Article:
Dust cloud over Theewaterskloof Dam. Photo by Rodger Duffett

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This is an article I wrote on invitation from Bulletin of Atomic Scientist (weird, I know, but physicists are very interested in changing climate, and from that – it is not a long road to our drought). I look here at the drought from the perspective of a couple of months. The story is written for the primarily American audience, but I hope it brings something for each of us. Enjoy!

Cape Town, the iconic city on the tip of Africa, has recently added a new term to the English vocabulary—Day Zero, or the day when all the taps run dry. For a couple of months in late 2017 and early 2018, this term was the topic of almost every conversation among the city’s approximately 4 million residents, as well as the subject of a multitude of news articles, interviews, opinion pieces, editorials, blogs, and tweets—not just in South Africa, but all around the world.

The term Day Zero refers to a situation where the city’s water reserves reach such a low level that the continuation of what is considered to be a “normal” supply to all users is no longer possible, and the whole system is shut down. Instead, water would have had to be provided through a number of distribution points, with individuals restricted to collecting a daily ration of perhaps only 25 liters (just over six-and-a-half gallons) of the precious liquid. As of the time of writing (April 2018), Day Zero has been largely staved off, but it still remains a possibility, depending on the coming season’s rainfall and the water-saving behavior of the city’s residents. (To give an idea of how close a shave it’s been, as of April 16, measurements taken at the city’s largest reservoir—the Theewaterskloof Dam—show it at only 10.4 percent of capacity. A photo taken by a colleague last Wednesday shows a dust cloud lifted by wind over the dry part of this reservoir, with just a little water visible in the deepest section.)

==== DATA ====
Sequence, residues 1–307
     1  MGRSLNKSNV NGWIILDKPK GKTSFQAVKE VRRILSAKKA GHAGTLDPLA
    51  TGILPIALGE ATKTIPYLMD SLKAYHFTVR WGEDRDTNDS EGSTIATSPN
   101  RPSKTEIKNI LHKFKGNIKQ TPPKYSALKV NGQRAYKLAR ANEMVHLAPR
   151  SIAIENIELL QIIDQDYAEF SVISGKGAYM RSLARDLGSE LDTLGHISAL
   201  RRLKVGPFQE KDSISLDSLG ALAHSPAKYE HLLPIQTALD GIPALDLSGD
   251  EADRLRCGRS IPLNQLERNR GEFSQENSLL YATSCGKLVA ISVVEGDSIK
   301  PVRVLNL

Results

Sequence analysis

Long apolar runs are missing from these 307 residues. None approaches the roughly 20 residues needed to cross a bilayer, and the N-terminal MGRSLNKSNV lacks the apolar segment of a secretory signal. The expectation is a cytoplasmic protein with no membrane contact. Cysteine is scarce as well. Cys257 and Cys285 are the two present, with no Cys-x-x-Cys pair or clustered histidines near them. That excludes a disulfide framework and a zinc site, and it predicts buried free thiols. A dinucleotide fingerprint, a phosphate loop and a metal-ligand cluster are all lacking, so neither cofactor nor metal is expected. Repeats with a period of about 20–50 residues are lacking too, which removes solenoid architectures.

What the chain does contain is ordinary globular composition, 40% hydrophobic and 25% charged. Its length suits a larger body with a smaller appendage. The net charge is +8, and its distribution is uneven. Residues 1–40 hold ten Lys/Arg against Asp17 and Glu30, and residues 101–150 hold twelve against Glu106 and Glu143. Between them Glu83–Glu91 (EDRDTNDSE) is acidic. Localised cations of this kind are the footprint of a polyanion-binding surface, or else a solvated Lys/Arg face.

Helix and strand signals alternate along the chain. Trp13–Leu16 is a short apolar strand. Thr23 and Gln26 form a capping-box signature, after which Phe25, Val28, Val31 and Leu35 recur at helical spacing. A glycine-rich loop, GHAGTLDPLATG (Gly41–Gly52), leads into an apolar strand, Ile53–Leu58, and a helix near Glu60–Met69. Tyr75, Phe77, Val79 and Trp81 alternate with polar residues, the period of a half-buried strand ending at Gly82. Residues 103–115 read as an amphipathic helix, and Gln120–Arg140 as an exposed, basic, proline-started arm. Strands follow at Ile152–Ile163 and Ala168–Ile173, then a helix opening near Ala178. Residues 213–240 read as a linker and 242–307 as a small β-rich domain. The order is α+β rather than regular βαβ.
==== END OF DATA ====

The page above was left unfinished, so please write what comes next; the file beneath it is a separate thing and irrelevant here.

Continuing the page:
How did Day Zero come about? How is it possible that a large modern city—a vital economic, tourism, and cultural hub of South Africa, that has been likened to Africa’s version of San Francisco—was about to run out of water? Particularly when outside observers have noted that South Africa has a strong record for addressing previously unmet needs for water and sanitation? And is Cape Town still threatened by the prospect of running out?

Read the rest of the story in the Bulletin for Atomic Scientist

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